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Notes from text for test 2

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PSYC 1010
Rebecca Jubis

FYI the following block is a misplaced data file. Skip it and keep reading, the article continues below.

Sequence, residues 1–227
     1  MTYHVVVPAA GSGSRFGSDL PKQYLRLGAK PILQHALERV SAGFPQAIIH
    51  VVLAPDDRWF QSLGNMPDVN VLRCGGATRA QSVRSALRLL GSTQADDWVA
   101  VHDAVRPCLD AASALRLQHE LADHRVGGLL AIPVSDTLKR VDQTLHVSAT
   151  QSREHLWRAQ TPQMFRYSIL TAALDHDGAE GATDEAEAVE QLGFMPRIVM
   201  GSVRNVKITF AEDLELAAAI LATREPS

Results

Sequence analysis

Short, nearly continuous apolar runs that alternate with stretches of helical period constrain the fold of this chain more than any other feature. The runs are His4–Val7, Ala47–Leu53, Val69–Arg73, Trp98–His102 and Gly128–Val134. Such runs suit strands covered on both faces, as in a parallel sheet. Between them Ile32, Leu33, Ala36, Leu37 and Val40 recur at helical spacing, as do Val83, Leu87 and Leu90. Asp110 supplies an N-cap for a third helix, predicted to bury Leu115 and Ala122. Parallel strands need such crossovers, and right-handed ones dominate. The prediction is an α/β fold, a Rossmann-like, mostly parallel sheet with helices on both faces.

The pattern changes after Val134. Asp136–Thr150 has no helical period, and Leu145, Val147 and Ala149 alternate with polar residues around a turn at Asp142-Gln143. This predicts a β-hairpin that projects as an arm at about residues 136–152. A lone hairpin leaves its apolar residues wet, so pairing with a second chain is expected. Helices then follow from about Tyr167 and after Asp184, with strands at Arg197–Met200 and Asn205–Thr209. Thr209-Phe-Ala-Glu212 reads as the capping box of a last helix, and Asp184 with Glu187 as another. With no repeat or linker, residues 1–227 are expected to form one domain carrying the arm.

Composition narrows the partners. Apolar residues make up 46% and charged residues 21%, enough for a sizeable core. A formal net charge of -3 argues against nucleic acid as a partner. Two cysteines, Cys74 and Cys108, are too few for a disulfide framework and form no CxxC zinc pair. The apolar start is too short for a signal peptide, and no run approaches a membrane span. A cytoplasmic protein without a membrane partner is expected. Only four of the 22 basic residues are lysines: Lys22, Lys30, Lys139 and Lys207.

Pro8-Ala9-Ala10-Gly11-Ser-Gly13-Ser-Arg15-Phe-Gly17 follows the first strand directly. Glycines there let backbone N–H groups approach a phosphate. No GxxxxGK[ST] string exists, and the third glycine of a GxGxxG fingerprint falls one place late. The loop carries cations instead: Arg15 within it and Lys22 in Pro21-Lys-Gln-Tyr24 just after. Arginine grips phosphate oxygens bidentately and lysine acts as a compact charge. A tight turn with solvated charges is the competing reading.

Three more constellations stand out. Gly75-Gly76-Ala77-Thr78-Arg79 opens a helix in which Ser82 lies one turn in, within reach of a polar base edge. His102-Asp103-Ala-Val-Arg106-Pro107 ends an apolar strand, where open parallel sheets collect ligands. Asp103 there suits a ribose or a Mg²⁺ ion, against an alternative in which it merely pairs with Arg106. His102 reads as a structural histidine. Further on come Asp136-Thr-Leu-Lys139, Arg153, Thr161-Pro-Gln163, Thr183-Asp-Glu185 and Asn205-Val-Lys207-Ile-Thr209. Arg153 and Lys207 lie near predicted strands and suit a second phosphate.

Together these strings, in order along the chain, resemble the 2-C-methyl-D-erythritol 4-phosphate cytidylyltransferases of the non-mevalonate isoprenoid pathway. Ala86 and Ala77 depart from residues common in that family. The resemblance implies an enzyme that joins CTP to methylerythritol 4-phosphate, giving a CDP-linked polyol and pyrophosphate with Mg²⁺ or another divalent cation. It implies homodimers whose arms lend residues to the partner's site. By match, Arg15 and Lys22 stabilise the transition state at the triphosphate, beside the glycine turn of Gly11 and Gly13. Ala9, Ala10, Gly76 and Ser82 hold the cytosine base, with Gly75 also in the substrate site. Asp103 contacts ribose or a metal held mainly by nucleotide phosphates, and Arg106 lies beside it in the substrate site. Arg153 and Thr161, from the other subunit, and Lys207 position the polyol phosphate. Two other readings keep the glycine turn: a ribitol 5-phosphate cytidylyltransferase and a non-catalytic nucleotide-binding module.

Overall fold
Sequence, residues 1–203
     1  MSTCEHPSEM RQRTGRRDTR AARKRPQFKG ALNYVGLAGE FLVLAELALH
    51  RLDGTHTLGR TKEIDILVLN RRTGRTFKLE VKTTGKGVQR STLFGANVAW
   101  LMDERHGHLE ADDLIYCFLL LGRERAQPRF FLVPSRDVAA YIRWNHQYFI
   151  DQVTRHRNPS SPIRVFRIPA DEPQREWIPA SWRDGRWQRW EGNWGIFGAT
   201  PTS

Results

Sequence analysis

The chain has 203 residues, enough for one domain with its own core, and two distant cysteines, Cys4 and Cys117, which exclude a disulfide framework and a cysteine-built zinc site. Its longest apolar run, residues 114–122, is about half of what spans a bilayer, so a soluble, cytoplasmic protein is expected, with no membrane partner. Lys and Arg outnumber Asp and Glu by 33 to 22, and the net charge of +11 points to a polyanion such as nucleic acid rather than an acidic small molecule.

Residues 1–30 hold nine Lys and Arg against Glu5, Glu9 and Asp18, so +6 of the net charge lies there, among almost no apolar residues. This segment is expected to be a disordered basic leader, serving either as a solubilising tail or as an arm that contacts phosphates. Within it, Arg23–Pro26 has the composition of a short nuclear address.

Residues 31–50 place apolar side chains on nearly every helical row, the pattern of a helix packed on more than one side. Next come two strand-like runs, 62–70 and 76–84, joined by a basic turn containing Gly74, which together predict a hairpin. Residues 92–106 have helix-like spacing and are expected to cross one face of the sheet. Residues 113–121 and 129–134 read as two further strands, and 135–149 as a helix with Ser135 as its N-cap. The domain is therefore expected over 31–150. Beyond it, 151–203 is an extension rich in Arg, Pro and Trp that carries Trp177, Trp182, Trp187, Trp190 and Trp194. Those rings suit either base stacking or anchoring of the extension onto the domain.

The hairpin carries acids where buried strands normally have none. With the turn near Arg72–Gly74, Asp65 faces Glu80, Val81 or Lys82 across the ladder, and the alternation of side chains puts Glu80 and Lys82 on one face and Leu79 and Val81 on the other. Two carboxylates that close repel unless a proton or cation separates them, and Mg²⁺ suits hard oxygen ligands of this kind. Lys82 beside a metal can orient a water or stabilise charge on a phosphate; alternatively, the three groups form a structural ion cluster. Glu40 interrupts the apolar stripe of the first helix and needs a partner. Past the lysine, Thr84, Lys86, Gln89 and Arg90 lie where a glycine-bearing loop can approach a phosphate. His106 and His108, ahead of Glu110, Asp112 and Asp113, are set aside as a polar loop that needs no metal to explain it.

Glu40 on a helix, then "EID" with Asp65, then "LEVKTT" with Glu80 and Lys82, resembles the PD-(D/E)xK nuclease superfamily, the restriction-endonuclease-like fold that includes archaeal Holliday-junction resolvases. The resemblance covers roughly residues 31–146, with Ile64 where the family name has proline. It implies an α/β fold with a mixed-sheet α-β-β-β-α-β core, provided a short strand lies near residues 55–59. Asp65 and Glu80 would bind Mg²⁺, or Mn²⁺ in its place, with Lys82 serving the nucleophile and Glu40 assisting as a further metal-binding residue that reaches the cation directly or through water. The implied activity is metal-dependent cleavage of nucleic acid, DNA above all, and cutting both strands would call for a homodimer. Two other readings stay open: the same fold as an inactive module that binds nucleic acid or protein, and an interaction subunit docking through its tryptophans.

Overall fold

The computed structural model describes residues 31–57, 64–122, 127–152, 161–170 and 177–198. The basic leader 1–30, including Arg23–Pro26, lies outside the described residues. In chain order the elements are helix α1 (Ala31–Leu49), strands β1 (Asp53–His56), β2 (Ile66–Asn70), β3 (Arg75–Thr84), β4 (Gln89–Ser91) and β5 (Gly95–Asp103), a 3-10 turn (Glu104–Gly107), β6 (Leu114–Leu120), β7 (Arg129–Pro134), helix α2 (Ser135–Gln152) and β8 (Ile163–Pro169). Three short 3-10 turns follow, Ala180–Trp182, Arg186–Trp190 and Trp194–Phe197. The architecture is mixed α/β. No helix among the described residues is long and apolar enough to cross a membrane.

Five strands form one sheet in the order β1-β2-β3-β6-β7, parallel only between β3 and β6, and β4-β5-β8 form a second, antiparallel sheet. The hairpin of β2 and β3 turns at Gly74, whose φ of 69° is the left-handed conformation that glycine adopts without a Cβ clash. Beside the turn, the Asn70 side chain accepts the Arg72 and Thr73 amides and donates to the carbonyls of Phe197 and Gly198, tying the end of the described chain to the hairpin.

Psych Notes for Test 2: Chapter 6 Learning -phobias are irrational fears of specific objects or situations and are often a result from another learning process called classical conditioning -learning refers to a relatively durable change in behaviour or knowledge that is due to experience -one of the most fundamental concepts in psych -learning includes the acquisition of knowledge and skills but also shapes personal habits, personality traits, and personal preferences -conditioning involves learning associations between events that occur in an organisms environment -classical conditioning is a type of learning in which stimulus acquires the capacity to evoke a response that was originally evoked by another stimulus -also called Pavlovian conditioning -conditioning comes from Pavlovs determination to discover the conditions that produce this kind of learning -Pavlovs Demonstration: Psychic Reflexes: -Pavlov was a Russian physiologist -he was studying the role of saliva in the digestive process of dogs when he stumbled onto the psychic reflexes -he would present meat powder and collect the resulting saliva -he noticed that dogs accustomed to the procedure would start salivating before the meat was presented; for example when they heard the clicking sound of the machine that was used to present the meat -he then used a bell noise with the meat and after some time the sound alone would cause the dogs to salivate -the tone started out as a neutral stimulus but managed to change by pairing it with the stimulus (meat) that did produce salivation 1 -he demonstrated how learned associations were formed -unconditioned stimulus (UCS) is a stimulus that evokes an unconditioned response without previous conditioning -unconditioned response (UCR) is an unlearned reaction to an unconditional stimulus that occurs without previous conditioning -example: bond between meat and salivation -conditioned stimulus (CS) is a previously neutral stimulus that has, through conditioning, acquired the capacity to evoke a conditioned response -conditioned response (CR) is a learned reaction to a conditioned stimulus that occurs because of previous conditioning -example: link between the tone and salivation -the conditional and unconditional response often consist of the same behaviour -Pavlovs psychic reflexes came to be called conditional reflexes -classically conditioned responses have been characterized as reflexes and are said to be elicited (drawn forth) because most of them are involuntary -a trial in classical conditioning consists of any presentation of a stimulus or pair of stimuli -psychologists are interested in how many trials are required to establish a particular conditioned bond -classical conditioning affects not only overt behaviours but physiological processes as well (immune system) -classical conditioning can lead to immunesuppression a decrease in the production of antibodies -studies suggest that classically conditioning can also elicit allergic reactions and to the growth of drug tolerance 2 -it can also influence sexual arousal (example: quails have had a sexual arousal from a neutral stimulus such as red light, when paired with opportunities to mate) -drug tolerance involves a gradual decline in responsiveness to a drug with repeated use, so larger doses are required to get the effect -Basic Processes in Classical Conditioning: -acquisition refers to the initial stage of learning something -Pavlov theorized that acquisition of a conditioned response depends on a stimulus contiguity stimuli are contiguous if they occur together in time and space -stimulus contiguity is important but we now know that contiguity alone doesnt automatically produce conditioning -extinction: the gradual weakening and disappearance of a conditional response -the consistent presentation of the conditioned stimulus alone, without the unconditioned stimulus, leads to extinction -example: Pavlov consistently presented the tone with no food and eventually it stopped making them salivate -spontaneous recovery is the reappearance of an extinguished response after a period of nonexposure to the conditioned stimulus -renewal effect: suggests that extinction somehow suppresses a conditioned response rather than erasing a learned association; in other words, extinction does not appear to lead to unlearning -stimulus generalization occur when an organism that has learned a response to a specific stimulus responds in the same way to new stimuli that are similar to the original stimulus -example: woman scared of specific bridge from childhood now has a phobia of all bridges -basic law: the more similar the new stimuli are to the original CS, the greater the generalization 3 -stimulus discrimination occurs when an organism that has learned a response to a specific stimulus does not respond in the same way to new stimuli that are similar to the original stimulus (opposite of generalization) -example: your dog gets excited when he hears your call pull into the driveway, that may make him excited for all cars; later he learns the specific noise of your car and only responds to that -development of stimulus discrimination usually requires the original CS (your car) continues to be paired with the UCS (your arrival) while similar stimuli (other cars) not be paired with the UCS -basic law: the less similar new stimuli are to the original CS, the greater the likelihood of discrimination -higher order conditioning is when a conditioned stimulus functions as if it were an unconditioned stimulus -higher order conditioning shows that classic conditioning does not depend on the presence of a genuine, natural UCS -example: condition a dog to salivate to a tone by pairing it with food, then you pair the tone with a red light for 15 trials; the light alone will make the dog salivate -classic conditioning best explains reflexive responding that is largely controlled by stimuli that precede the response -operant conditioning: a form of learning in which voluntary responses come to be controlled by their consequences; by Skinner -Thorndike introduced the term instrumental learning which was the same thing as operant conditioning -he wanted to know if animals could think so he performed an experiment by putting a cat in a cage and the food outside, the cat had to either press a lever or pull a string to get out to the food -he saw that there was a gradual decrease in time over trials; this showed that the cats were learning but suggested that the learning did not depend on thinking and understanding 4